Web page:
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Re: bin/47597: local and $() don't play well with each other

    Date:        Sat, 02 Mar 2013 07:18:55 -0800
    From:        Bruce Korb <>
    Message-ID:  <>

  | but I would hope that
  | there is a way to coerce your sh program to be compliant,

There isn't.   And that's a good thing.

  | or else rig it so that $(command -p -v sh) yields one that is.

It doesn't have a -p option, or a posix mode, either.

  | As rare as ``var=foo myfunc ; echo ${var+SET BY MISTAKE}'
  | constructs might be, it is nice to now that forcing posix mode
  | will put "portable" shell scripts into the right environment.
  | Dumb as it may be.

Dumb it is - the standard needs fixing.   The only way to get a standard
fixed is to ignore it - implement things the right way instead.   Then
the standard is no longer a standard, and needs to be corrected.  As long
as people keep implementing what is agreed is nonsense, then the standard 
cannot be fixed, as it remains the way things are done - which is what the
standards doc is supposed to document.

If you want to write portable scripts, do

        var=foo; export var; mufunc

That works the same way in every shell, and is sane.  If you don't want
var exported, then instead do

        var=foo; var=${var} myfunc

which works almost the same in most shells (bash in posix mode causes
var to be exported, where others don't).

The standard needs to be revised to say that when you do

        var=foo myfunc

the value of var after myfunc completes is undefined - which is true today.

Then once all the shell implementors who implement the current thing just
because the standard says they should, rather than because they believe that
it is the right way (or even just because any other way is too hard), can
adjust their implementations to do the sane thing.  If it turns out after
some time that all the shells now do the sane thing the standard can
be revised again to document the sane behaviour - that would be years away


ps: if you happen to be someone who knows how to get to the opengroup shell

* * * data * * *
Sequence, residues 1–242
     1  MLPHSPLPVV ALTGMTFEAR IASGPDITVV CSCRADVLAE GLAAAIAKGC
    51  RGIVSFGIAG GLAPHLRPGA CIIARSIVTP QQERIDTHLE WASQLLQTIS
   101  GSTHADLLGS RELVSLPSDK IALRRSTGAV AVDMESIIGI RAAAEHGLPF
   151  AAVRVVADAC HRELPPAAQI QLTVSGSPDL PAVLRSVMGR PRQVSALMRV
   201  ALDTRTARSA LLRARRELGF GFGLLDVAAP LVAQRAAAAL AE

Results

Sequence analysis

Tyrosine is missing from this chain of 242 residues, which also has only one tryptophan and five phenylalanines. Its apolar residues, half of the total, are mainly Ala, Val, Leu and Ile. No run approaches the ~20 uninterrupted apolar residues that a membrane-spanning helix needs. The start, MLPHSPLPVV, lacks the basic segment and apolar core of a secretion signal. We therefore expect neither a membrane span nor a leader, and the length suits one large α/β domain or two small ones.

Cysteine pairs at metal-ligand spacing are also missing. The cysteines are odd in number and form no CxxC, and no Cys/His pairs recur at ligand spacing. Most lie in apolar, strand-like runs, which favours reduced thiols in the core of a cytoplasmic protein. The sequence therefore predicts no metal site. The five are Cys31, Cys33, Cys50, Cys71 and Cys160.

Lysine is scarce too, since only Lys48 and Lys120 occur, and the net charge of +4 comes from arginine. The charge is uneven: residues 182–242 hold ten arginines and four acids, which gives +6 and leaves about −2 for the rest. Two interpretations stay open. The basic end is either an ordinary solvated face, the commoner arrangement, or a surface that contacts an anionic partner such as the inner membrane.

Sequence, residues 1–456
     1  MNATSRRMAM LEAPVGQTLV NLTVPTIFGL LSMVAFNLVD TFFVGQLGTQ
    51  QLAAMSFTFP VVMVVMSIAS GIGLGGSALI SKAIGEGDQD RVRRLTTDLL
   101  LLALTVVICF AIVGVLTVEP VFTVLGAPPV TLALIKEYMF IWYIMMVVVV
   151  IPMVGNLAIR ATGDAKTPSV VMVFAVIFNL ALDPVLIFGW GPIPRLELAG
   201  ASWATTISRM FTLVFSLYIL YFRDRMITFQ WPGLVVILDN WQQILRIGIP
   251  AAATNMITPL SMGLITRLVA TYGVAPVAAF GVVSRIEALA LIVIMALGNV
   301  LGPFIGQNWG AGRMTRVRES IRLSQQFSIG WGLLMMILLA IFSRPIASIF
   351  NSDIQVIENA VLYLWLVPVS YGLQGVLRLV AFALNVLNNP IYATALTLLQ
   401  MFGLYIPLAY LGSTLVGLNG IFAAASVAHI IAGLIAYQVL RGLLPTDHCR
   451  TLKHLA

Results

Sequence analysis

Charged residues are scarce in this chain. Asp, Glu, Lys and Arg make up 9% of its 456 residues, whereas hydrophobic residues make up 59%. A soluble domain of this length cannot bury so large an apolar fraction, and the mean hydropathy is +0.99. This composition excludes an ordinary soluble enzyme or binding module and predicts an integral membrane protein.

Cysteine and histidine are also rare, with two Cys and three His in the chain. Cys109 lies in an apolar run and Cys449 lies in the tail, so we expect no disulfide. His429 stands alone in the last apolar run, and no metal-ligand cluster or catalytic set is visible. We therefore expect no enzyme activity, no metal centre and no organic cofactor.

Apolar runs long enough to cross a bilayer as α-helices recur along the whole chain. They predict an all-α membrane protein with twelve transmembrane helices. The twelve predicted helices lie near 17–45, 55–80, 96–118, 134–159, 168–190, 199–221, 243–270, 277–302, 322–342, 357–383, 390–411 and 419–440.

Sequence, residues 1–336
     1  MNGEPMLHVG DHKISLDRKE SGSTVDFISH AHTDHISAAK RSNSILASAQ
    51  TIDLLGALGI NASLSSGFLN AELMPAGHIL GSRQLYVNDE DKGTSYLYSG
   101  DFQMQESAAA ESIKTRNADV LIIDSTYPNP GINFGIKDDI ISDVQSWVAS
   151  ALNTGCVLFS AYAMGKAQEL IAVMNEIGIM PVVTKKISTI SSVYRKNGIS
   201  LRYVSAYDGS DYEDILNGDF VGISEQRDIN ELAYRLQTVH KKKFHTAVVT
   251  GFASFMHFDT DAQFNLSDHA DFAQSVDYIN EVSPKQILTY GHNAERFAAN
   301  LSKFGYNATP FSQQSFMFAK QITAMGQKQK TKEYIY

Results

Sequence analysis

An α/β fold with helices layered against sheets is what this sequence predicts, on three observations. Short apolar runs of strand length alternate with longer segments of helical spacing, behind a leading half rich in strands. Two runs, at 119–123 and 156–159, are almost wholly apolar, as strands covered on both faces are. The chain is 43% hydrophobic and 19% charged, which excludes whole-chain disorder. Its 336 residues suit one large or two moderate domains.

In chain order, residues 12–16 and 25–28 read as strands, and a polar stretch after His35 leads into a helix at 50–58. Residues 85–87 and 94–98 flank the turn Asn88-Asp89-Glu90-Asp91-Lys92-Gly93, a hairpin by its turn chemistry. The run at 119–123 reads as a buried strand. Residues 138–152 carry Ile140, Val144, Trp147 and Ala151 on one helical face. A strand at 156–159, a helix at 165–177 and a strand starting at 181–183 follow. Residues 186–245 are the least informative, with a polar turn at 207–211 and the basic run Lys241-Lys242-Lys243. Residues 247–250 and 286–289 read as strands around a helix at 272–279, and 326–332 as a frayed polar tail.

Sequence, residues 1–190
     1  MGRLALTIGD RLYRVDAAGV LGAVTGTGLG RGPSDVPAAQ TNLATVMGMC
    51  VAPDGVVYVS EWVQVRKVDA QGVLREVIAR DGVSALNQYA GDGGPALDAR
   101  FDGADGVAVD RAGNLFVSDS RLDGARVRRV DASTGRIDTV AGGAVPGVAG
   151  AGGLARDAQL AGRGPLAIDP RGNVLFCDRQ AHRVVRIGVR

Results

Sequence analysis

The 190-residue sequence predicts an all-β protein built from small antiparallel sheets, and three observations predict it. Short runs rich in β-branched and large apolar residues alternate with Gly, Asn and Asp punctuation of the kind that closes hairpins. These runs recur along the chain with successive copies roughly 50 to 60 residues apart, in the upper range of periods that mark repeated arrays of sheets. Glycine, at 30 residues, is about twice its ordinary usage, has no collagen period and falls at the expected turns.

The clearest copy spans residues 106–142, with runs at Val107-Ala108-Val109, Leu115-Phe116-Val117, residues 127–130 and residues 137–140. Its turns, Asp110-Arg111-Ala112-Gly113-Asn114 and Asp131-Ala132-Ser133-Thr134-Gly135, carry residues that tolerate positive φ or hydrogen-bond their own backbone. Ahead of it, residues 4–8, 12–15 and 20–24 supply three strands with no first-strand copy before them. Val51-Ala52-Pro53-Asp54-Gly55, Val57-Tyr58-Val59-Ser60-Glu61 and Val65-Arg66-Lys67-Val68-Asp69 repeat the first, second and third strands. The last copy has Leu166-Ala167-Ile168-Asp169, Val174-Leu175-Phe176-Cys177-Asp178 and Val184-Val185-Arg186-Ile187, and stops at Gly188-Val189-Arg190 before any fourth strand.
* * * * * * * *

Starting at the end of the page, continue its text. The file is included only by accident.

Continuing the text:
standardisation people, please ask them what

        var=foo unset var; echo ${var}

is supposed to do.   The standard says that the echo should print "foo",
as (given unset is a special built-in), its value is supposed to persist
after the special built-in completes.   As best I can tell. no shell
implements it that way - the unset wins, and the echo prints nothing (just \n).

You could also ask how they reconcile the text in 2.9.5 & 2.14 (which is
what gives rise to this dumb interpretation of variable-assignments with
functions) with the text in 4.20, which says ...

        The system may implement certain utilities as shell functions
        (see the Shell and Utilities volume of IEEE Std 1003.1-2001,
        Section 2.9.5, Function Definition Command) or built-in utilities,
        but only an application that is aware of the command search order
        described in the Shell and Utilities volume of IEEE Std 1003.1-2001,
        Section, Command Search and Execution or of performance
        characteristics can discern differences between the behavior of
        such a function or built-in utility and that of an executable file.

which is not true, as if we have a utility of unknown implementation and
we want to test if it is a function or not (in a standards conforming shell)
then all we need to do is write

        res="is not a function"
        res="is a function" unknown
        echo unknown $res

which looks to me as if the standard contains contradictory language, which
cannot be good, can it?   If one part needs to be fixed, fix 2.9.5 !

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